Wednesday, August 16, 2006

Mission Mistakes

It came to my attention just this morning that Bruce Wilkinson is no longer with “Walk Thru the Bible.” Since there was nothing on the “Walk Thru” web site about Bruce, I was fearful he had died. Actually, he left “Walk Thru” hoping to fulfill a dream.

During a visit to Africa, the enormity of the AIDS crisis hit him hard and left him with an intense desire to get involved. He left “Walk Thru” and went to Swaziland, one of the areas hardest hit with the AIDS pandemic. Confident God would continue blessing him because of his ardent praying of the “Prayer of Jabez,” Wilkinson soon discovered his plan did not generate acceptance in this poor African country.

Although Wilkinson operated out of good motives, he made mistake after mistake simply because he failed to understand the African culture. Rejecting the advice of the U.S. Ambassador to Swaziland as well as Christian brethren, he forged ahead determined God would bless him and he would do a great work for God. The “Wall Street Journal” and numerous web sites chronicle what happened. Wilkinson’s dream shattered around him.

What were his mistakes?

1.     He invested almost magical qualities to the “Prayer of Jabez.” This little prayer, nestled among a listing of the descendants of Helah (1 Chronicles 4:9) calls on God to bless the prayer (Jabez) by enlarging his territory and keeping him from pain. Wilkinson attributed his fortuned earned from massive book sales to God’s faithfulness in fulfilling that prayer. In my opinion, he permitted that prayer to become a mantra and it became devalued by vain repetition.

2.     He failed to consider the African culture. Wilkinson asked for large parcels of land on which to build his “dream villages.” He did not take into consideration the fact that the nationals saw land as something of tremendous value. As a result, national leaders believed he was carving out a territory for himself rather than seeking bases of operation.

     Further, he wanted to take children orphaned by the AIDS virus away from their villages where they would be cared for. The African people saw that as a violation of their culture. If there is anywhere where “it takes a village” to nurture children, it is in Swaziland.

3.     He emphasized the secular rather than the spiritual. The emphasis was on dealing with AIDS first with little attention given to biblical evangelism. In some ways that was not a totally bad strategy, but when dealing with AIDS becomes the only emphasis, something is wrong with the agenda.

Now I am not a missiologist by any stretch of the imagination, but my own travels have taken me to Southeast Asia five times over the last seven years. As a result of those trips, I thought I understood the culture fairly well. This past trip proved me wrong. The Asian culture in which I work is so self-giving and others-oriented that it is easy to slight them with no intention. Let me give you just one example.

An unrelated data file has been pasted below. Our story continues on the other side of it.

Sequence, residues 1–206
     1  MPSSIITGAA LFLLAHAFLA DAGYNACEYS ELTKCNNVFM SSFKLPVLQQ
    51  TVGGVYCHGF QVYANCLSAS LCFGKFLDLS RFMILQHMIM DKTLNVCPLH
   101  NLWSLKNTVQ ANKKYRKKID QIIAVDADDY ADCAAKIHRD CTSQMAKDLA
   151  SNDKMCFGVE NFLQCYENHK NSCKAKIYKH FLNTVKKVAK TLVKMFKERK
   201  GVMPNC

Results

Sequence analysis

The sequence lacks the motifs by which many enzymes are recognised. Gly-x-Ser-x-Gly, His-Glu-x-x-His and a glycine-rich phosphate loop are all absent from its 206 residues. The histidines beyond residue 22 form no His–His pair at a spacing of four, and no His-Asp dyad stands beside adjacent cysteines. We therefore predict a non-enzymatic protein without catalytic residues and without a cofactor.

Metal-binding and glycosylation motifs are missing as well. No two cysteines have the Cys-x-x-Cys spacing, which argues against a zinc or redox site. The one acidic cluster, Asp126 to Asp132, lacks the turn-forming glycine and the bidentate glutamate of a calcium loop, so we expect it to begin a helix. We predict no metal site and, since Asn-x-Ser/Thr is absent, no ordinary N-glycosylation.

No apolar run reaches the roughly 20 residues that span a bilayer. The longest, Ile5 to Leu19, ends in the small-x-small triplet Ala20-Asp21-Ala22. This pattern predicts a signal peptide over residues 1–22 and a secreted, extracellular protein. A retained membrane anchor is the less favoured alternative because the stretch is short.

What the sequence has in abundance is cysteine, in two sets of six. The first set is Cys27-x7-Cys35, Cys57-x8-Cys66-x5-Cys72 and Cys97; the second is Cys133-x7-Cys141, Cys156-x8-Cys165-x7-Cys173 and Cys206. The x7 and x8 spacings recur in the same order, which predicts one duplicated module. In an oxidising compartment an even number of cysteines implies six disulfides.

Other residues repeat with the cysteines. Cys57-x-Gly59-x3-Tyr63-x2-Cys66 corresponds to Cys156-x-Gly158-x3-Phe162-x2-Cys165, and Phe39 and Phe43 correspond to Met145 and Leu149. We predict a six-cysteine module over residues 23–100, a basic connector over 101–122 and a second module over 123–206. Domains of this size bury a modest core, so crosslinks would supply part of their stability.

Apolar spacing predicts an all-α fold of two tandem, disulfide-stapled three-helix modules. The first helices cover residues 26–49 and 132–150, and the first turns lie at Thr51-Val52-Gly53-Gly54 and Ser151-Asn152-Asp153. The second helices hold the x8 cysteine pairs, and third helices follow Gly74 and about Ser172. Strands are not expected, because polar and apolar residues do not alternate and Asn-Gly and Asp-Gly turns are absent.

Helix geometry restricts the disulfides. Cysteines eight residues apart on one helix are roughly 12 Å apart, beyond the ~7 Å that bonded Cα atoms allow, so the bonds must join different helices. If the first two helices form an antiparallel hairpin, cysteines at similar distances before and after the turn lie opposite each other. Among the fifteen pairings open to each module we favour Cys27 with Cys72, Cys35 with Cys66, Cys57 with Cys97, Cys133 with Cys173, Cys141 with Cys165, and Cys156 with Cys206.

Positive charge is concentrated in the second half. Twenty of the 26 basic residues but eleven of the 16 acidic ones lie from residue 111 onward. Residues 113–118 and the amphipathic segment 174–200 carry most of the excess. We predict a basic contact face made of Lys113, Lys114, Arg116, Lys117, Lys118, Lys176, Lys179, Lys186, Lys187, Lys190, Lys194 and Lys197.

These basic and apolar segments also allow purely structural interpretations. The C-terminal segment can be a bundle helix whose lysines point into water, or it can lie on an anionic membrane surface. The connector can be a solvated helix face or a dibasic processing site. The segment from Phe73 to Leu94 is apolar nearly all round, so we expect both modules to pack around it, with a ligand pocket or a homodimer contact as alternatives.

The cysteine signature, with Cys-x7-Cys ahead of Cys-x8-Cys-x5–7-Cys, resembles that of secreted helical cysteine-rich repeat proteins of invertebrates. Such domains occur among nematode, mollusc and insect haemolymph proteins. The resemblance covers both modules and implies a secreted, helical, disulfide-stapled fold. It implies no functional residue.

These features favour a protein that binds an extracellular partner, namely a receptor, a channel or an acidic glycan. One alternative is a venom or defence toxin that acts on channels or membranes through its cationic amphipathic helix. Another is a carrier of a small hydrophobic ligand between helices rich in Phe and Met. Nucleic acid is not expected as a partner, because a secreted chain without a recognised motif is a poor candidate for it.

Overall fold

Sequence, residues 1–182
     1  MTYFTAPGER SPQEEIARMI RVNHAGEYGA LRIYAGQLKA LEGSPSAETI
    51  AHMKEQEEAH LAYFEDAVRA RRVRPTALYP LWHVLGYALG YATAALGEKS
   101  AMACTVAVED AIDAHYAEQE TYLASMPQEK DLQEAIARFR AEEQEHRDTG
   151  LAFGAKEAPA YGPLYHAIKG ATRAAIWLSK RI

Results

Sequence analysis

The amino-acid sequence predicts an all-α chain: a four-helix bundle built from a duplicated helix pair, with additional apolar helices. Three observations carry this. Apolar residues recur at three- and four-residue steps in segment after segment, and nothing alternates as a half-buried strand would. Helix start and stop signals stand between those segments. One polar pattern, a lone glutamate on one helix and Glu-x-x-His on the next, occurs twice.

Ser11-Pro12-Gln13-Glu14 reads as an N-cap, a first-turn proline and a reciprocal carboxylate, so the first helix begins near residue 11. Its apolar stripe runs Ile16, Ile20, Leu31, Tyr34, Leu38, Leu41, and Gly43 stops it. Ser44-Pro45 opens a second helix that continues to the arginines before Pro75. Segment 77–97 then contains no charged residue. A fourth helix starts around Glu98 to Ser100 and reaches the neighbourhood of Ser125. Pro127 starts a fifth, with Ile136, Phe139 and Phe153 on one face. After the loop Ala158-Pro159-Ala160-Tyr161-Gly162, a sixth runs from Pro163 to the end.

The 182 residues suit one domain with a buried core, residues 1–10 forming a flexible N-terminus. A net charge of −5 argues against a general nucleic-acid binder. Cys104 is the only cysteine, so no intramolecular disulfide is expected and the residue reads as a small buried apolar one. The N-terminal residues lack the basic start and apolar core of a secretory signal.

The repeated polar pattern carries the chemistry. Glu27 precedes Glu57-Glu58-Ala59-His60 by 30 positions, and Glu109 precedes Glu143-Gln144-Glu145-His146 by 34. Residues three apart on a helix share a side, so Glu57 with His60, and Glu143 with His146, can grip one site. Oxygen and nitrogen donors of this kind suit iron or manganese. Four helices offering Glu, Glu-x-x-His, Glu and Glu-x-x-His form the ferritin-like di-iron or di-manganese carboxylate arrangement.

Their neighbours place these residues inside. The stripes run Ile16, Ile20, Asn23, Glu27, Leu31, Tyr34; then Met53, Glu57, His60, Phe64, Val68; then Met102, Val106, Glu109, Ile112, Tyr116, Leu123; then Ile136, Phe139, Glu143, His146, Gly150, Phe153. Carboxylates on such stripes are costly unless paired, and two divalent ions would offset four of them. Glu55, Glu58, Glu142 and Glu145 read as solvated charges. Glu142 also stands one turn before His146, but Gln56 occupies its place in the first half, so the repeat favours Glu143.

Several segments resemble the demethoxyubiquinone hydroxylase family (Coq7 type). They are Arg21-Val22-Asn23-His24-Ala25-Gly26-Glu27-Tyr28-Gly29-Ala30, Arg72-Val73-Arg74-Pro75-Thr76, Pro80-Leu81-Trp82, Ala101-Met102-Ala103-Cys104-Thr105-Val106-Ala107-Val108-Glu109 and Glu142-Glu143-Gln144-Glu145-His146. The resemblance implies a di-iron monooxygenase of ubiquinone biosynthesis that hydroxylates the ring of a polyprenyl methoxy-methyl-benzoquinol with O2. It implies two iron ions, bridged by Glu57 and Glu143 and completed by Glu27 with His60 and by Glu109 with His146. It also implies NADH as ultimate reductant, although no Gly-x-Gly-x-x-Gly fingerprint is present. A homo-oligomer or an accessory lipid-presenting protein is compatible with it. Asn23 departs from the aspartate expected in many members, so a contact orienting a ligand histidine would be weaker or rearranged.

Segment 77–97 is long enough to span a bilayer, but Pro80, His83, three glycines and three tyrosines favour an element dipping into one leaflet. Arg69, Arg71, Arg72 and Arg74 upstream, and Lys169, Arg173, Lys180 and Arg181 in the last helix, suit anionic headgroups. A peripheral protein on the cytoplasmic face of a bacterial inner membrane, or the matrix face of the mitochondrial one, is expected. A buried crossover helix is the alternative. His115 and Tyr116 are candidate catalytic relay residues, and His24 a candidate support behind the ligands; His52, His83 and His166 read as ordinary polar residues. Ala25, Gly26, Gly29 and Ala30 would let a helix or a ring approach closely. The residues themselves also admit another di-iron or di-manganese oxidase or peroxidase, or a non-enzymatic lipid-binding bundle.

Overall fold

We spent three weeks in the Far East this spring. As we moved into the second and third week our stamina dramatically flagged. We were running out of steam. If my memory served me correctly, our tickets sent us back to the USA a day before most of the others. Several other team members decided to change their tickets and leave a day early. They had no responsibilities during that last day, so they decided to spend a day in Bangkok seeing the sights. Only later did we learn our hosts felt badly that so many decided to leave. It was merely sloppy thinking on our part. There was no desire to insult or offend, but because we failed to consider the cultural issues involved that was the result.

Bruce Wilkinson, like most Americans including those I travel with, thought every problem could be solved with an American solution. Although I think cultural understanding has to be a two-way street, I know that we Americans sometimes come across as believing our culture and our ways are superior. Perhaps in many cases they are, but in other cases they definitely are not. Many around the world desire the things and freedoms Americans enjoy, but they must come to realize that America’s plenty resulted from earlier spiritual commitments. (I know a lot of secular Americans would disagree with that last sentence, but I care not!) We must realize we can’t impose those commitments. They must be shared one individual to another. Then we must recognize that Christ’s redemption of an entire culture may shape that culture differently. Just as churches differ – even those in the same fellowship or denomination – cultures will differ in their expressions of the Gospel.